Why it pays some to stay in the grey economy

PUBLISHED : Thursday, 07 October, 2010, 12:00am
UPDATED : Thursday, 07 October, 2010, 12:00am

When Wang Xiaolu, deputy director of the National Economic Research Institute, released his findings on the mainland's hidden economy earlier this year, the response was swift.

International media jumped on the eye-catching statistics, the mainland public asked where such money could come from if not bribery and corruption, and the National Bureau of Statistics questioned the size and make up of the sample survey.

Through all this Wang stood behind his statistics: that the mainland has a hidden economy that could amount to 30 per cent of gross domestic product, and that the income gap between rich and poor is even wider than expected.

'In 2008 the grey economy surpassed 5.4 trillion yuan (HK$6.25 trillion),' he said recently. 'The overwhelming majority of this is from the high-income population group, which accounts for the top 15 to 20 per cent of the urban population.'

Using 2008 figures, Wang estimated that the average per capita income was not the 16,000 yuan officially stated but more than 32,000 yuan and that the top 10 per cent of earners in the country had incomes of around 139,000 yuan in 2008, rather than the 44,000 yuan they admitted to tax authorities.

Therein lies the main problem. The mainland's grey economy covers both illegal activities and off-payroll incomes, and with limited regulations it is hard to rein in a hidden economy that is growing every year, or even put a finger on the exact amounts being talked about.

'The economic impact is hard to work out because, by definition, it is hidden economy,' says Mao Yushi, executive director of the Beijing Unirule Institute of Economics.

While there are certainly considerable illegal gains being made by officials - Wang says corruption among officials still ranks among the biggest contributor to the grey economy - hidden income and illegal gains are prevalent across mainland society.

For every Zheng Shaodong, the former head of the Economic Criminal Investigation Bureau who was sentenced to death in August for accepting 83 million yuan in bribes between 2001 and 2007, there are thousands of businessmen and women, low-level officials and, according to some reports in the mainland media, even doctors and teachers, collecting a significant proportion of their income in the grey area of the economy, some by legal means, some illegally.

Mao says the total value of the hidden economy could be equivalent to one fifth of the formal economy, but says any estimate is largely guesswork. 'In the West they have been collecting tax for decades but in China the tax office is weak, meaning that the amounts collected are low and the statistics are not accurate,' he says.Not only does this make it hard for the mainland to regulate these businesses and earnings but it also means the country is losing significant tax revenue.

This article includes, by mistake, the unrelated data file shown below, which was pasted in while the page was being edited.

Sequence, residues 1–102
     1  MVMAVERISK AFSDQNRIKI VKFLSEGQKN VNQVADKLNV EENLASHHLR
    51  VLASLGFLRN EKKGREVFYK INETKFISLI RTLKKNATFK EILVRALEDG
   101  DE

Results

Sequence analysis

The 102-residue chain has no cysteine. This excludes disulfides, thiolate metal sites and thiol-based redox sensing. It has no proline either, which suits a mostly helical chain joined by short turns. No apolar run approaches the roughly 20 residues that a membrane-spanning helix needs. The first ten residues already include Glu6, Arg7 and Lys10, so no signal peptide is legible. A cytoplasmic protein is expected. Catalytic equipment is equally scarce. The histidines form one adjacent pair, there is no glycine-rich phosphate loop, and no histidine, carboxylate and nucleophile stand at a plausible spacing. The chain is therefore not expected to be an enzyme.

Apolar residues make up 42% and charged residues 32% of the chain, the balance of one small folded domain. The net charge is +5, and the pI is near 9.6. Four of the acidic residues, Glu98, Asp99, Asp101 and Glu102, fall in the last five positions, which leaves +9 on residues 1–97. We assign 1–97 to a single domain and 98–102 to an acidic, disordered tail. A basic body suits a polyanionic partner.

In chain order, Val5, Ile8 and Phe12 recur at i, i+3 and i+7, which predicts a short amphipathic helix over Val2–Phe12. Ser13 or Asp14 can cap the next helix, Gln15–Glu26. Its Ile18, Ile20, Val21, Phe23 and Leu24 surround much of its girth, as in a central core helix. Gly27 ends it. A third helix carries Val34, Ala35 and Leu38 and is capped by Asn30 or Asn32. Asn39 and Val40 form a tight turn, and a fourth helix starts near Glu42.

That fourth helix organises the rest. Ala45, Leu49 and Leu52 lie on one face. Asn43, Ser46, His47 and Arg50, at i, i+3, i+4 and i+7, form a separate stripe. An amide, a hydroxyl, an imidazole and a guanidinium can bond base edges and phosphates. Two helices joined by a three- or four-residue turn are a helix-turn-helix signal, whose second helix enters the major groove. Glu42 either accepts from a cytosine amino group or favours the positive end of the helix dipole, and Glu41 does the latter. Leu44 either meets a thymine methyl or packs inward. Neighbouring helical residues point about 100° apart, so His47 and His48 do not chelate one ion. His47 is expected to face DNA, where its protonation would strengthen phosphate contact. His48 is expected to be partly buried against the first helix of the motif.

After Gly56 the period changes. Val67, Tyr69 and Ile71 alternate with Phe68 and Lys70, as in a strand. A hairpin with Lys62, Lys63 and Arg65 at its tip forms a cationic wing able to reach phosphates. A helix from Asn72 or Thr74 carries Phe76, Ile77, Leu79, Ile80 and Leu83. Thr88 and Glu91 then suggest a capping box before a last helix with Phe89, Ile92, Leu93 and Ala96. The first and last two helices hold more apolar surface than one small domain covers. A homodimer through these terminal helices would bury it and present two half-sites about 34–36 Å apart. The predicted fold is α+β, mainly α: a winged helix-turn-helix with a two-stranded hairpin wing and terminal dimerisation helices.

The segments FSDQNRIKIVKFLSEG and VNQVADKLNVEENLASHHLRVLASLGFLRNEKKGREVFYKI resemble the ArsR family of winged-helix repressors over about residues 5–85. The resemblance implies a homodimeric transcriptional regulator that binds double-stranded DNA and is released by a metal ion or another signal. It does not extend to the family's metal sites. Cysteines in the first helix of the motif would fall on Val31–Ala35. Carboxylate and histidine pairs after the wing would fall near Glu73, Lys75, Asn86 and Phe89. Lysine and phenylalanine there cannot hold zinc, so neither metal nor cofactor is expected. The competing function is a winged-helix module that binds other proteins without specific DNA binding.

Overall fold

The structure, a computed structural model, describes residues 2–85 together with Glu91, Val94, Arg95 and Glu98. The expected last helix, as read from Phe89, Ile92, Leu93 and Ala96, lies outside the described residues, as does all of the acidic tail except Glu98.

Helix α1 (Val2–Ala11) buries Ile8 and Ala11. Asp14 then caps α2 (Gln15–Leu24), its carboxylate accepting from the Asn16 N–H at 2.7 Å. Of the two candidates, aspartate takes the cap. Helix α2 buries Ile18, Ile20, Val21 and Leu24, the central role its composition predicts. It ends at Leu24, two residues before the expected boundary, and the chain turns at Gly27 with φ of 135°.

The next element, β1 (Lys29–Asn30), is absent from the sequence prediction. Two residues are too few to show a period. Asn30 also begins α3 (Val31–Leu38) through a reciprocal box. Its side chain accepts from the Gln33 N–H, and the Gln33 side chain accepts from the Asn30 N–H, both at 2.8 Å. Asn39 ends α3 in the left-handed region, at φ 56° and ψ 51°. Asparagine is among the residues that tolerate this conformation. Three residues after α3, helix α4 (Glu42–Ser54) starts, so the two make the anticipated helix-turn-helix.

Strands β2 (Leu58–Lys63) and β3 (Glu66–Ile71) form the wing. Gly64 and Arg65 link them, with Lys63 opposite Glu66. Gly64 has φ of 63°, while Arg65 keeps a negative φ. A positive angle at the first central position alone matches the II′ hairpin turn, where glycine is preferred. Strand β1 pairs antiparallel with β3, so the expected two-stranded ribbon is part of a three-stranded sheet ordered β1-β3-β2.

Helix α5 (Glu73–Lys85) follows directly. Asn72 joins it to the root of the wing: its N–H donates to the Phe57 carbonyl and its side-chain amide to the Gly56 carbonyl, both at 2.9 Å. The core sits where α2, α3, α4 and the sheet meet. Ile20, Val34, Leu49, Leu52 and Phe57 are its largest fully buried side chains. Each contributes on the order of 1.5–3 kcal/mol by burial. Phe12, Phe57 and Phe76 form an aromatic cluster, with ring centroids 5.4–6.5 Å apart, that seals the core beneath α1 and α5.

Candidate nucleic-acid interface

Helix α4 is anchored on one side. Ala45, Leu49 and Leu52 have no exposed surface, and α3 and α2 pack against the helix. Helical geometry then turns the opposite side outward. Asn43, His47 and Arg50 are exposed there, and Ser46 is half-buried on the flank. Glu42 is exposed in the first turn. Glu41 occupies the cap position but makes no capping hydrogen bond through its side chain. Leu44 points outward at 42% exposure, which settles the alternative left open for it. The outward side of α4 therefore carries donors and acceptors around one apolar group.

'If you compare the current individual income tax figures with Japan, Taiwan or the US, the percentage is very small,' Mao says. 'Approximately 7 per cent of the tax revenue in China comes from income tax, in Taiwan it is 50 per cent and Japan a similar number, so a lot of money is not being collected.'

Likewise, Mao says, capital gains, an important source of income for the wealthy, are badly regulated and tax office data on them is almost non-existent. 'China desperately needs to improve its tax regulations,' he says, suggesting that if all else fails it could follow the Russian model of introducing a flat 12 per cent tax rate.

While informal economies exist in every country, in developing economies the benefits of going through legal channels are limited and there is often little incentive for companies to do so. Professor Patrick Chovanec of Tsinghua University's school of economics and management says: 'Most people who work in China know that companies have three sets of books: one for the tax collector, one for their investors, and a real one. The benefits of staying in the grey economy persist much higher up the chain in China.'

Chovanec said companies often only paid attention to it when they were trying to entice foreign investors or looking to launch an initial public offering. A second report by Wang, sponsored by Credit Suisse and released in August, said hidden income on the mainland was growing considerably faster than regular income and that 'the second 10 per cent of richest households is starting to benefit significantly from hidden income'.

This is aggravating already strained economic divides. If Wang's estimates are correct the wealthiest 10 per cent of the country how have a per capita income 65 times the size of the poorest 10 per cent and rising.

'This is worrying as such income is now becoming more widespread among a wider group of the population,' the report concluded. 'The grey income is the main reason leading to the rich poor gap,' Wang said.

He is not the only one who believes that.

'The grey income will aggravate the unreasonable social distribution, which may impair social stability,' Su Hainan , director of the China Association for Labour Studies' compensation committee, told the Legal Daily last month. 'We have to try everything to get rid of it.'

Even Premier Wen Jiabao has chimed in on the issue. 'We should resolutely clamp down on illegal income, regulate the grey income, so as to gradually establish an open, transparent, fair and reasonable income distribution system,' he said in his government work report, delivered to the National People's Congress in March, that drew considerable attention for being one of the first official references to the grey economy.

This is unlikely to happen in the next few years, however.

'It can't be quickly solved,' Mao said. 'I can't see it changing in the next 10 to 15 years but after that, if the tax regulations are improved, we should see the hidden economy shrinking.'